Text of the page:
The 100 days interim DHS memo announcement on January 20, 2021 comes after years or tireless work of the undocumented community. It comes after countless undocumented people sharing their experiences to make the case for no more deportations. The memo as it stands will ensure a review of past prosecutorial discretion memos and provides interim guidelines that place under priority for enforcement individuals who are labeled as terrorists, recent arrivals, and folks who are being released from prison and have an aggravated felony conviction. Lastly, the memo provides a pause on deportations. While the memo provides some relief, we must not let our guard down. This is after all a temporary order, which makes the 100 days a critical time to push for the Biden Administration to implement long term relief.
The review of past prosecutorial discretions memos is an important action. This is a process that must center the voices of those impacted by enforcement actions. We must continue to challenge the exclusion of individuals with criminal records from relief and protection. We cannot go back to the prosecutorial discretion memos brought to us by the Obama administration that only furthered the narrative of good immigrants versus bad immigrants. We strongly believe that no one is disposable and that enforcement guidelines that prioritize folks with criminal records, terrorism accusations, and recent arrivals only serves the purpose of continuing the targeting and criminalization of members of our immigrant community. While the pause of deportations is a welcomed action, we must not forget that this does not mean a halt of enforcement. This does not mean a pause on raids and arrests. This also does not speak at all to the individuals currently in ICE detention.
The next 100 days are critical and will set the tone for what's to come in the next four years of the Biden administration. As OCAD, we are committed to demands that bring us closer to liberation for the immigrant community, demands that continue to bring change from the bottom up:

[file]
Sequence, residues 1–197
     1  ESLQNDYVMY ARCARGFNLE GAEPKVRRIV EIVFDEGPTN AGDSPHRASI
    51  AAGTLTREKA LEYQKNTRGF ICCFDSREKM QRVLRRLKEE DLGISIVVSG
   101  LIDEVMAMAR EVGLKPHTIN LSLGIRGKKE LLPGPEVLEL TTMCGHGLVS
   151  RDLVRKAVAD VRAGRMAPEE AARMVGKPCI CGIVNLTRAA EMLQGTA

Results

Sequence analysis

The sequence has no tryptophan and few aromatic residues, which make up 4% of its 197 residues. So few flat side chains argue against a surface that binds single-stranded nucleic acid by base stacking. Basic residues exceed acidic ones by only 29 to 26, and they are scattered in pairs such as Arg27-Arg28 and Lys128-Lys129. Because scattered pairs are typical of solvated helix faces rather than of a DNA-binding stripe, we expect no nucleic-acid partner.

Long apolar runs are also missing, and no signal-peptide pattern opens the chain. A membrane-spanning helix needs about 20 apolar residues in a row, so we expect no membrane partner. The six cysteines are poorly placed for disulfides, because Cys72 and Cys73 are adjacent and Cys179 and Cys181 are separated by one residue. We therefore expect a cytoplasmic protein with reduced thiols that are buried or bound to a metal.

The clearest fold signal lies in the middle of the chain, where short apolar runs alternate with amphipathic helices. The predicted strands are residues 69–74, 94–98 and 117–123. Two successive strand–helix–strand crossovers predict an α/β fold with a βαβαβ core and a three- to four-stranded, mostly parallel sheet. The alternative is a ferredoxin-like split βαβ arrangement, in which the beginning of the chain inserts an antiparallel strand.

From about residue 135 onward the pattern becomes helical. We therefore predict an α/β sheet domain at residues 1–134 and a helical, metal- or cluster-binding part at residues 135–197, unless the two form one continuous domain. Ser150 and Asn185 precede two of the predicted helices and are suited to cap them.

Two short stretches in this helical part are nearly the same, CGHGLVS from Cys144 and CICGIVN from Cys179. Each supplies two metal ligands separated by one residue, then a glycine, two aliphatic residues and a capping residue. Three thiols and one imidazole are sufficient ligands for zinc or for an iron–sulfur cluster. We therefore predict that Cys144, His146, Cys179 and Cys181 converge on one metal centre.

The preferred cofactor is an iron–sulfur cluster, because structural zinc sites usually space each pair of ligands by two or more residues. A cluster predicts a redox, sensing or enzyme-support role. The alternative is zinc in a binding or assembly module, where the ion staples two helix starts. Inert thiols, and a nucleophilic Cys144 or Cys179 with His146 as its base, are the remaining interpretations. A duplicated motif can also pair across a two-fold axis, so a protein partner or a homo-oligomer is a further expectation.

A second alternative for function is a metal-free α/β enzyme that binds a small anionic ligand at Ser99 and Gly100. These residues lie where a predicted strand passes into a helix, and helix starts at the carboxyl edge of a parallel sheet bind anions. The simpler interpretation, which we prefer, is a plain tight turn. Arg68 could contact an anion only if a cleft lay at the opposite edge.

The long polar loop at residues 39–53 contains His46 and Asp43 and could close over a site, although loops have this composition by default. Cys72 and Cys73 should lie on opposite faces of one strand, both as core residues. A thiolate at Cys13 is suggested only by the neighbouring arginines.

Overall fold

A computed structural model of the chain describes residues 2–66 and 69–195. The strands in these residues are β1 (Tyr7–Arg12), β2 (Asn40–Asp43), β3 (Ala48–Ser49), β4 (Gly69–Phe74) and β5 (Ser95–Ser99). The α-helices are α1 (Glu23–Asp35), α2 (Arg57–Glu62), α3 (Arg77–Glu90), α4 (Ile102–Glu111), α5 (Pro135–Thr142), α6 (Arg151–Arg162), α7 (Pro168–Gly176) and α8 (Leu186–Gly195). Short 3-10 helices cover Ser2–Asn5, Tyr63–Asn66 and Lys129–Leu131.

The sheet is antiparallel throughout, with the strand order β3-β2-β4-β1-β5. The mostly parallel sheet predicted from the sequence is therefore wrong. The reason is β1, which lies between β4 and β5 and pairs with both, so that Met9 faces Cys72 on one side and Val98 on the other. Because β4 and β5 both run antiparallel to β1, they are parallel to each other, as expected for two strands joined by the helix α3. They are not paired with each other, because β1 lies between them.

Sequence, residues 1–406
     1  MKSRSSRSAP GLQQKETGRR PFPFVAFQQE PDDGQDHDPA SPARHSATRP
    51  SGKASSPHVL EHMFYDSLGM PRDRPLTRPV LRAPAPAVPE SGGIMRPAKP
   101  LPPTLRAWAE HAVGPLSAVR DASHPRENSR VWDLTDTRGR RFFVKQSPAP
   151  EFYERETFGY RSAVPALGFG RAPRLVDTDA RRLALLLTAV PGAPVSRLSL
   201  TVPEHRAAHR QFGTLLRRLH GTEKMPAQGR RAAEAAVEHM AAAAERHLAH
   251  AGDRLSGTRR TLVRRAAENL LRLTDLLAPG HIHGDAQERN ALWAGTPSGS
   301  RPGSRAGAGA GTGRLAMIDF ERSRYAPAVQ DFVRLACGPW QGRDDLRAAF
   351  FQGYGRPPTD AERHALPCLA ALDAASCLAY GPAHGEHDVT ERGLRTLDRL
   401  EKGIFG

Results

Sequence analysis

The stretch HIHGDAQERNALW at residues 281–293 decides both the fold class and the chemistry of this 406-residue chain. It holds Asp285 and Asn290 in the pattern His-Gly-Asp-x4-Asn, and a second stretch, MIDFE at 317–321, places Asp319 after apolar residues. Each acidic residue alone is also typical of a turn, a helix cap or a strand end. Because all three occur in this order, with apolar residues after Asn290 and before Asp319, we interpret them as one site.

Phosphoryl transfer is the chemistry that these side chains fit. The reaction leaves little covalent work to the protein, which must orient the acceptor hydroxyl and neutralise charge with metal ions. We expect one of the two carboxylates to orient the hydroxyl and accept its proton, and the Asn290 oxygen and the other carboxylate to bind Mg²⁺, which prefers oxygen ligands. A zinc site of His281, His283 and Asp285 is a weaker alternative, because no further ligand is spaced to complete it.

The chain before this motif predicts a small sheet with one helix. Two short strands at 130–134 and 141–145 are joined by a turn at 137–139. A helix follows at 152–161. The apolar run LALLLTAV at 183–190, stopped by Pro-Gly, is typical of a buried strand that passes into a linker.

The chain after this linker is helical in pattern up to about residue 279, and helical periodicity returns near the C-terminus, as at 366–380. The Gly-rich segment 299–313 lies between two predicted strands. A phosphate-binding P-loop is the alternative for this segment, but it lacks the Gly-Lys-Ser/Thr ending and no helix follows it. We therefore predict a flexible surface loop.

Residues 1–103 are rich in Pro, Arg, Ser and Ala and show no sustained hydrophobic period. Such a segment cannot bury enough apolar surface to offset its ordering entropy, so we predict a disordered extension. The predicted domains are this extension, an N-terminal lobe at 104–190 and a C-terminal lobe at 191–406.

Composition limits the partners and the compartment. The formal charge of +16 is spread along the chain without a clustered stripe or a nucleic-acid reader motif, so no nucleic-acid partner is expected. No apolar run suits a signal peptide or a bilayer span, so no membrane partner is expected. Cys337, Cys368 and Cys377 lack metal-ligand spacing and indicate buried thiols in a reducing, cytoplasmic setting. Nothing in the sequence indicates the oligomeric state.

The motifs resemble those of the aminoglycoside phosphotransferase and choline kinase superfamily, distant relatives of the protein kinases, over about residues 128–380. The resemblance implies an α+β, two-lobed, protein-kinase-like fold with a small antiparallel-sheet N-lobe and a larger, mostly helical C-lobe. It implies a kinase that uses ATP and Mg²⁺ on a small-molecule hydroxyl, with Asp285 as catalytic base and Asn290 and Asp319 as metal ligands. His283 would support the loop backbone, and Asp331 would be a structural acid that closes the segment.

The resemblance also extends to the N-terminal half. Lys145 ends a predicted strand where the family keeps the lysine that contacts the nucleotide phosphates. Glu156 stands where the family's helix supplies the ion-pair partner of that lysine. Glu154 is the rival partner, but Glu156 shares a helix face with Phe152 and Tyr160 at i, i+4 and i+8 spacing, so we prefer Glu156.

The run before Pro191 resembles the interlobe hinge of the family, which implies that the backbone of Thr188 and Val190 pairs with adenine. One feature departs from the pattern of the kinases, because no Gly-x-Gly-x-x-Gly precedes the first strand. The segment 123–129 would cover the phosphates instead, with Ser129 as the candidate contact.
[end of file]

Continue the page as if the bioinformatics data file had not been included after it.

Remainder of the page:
We know that radical change doesn’t come from the president’s office or any other politician. We need to continue to organize and demand for more actions that bring justice and safety to our communities. We must also make it clear that we are watching and ready to hold elected officials accountable. We are what we need!
As an undocumented-led collective in the city of Chicago, we will take a moment to breathe and cherish this moment as we prepare to continue the ongoing radical grassroots organizing happening throughout the city. Trump is on his way out of office. However, we know that the same racist and inhumane structures of this capitalist empire are still up and running.
Este taller de criminalización es un recurso preparado por Comunidades Organizadas contra las Deportaciones (OCAD) y el Centro para la Nueva Comunidad (CNC). La clave para luchar contra el sentimiento anti-inmigrante es comprender que no se trata de delincuencia, sino de la criminalización.
We advocate for the elimination of the use of detention centers and deportations, surveillance mechanisms, and “reforms” that exclude the most criminalized amongst us. One way we are doing this is by advocating for the elimination of the City of Chicago’s gang database.
Genoveva’s case is one of OCAD’s first victories. OCAD supported her in filing a lawsuit against the Department of Homeland Security (something that takes a lot of courage). As a result, Genoveva got her U visa approved, is with her family and continues to fight for others.
Wilmer Catalan had been residing in the US for over 10 years and, in March of 2017, ICE agents unlawfully entered his home without a criminal warrant or consent. ICE had conducted a raid based on false information obtained from the Chicago Police Department indicating Wilmer belonged to a street gang.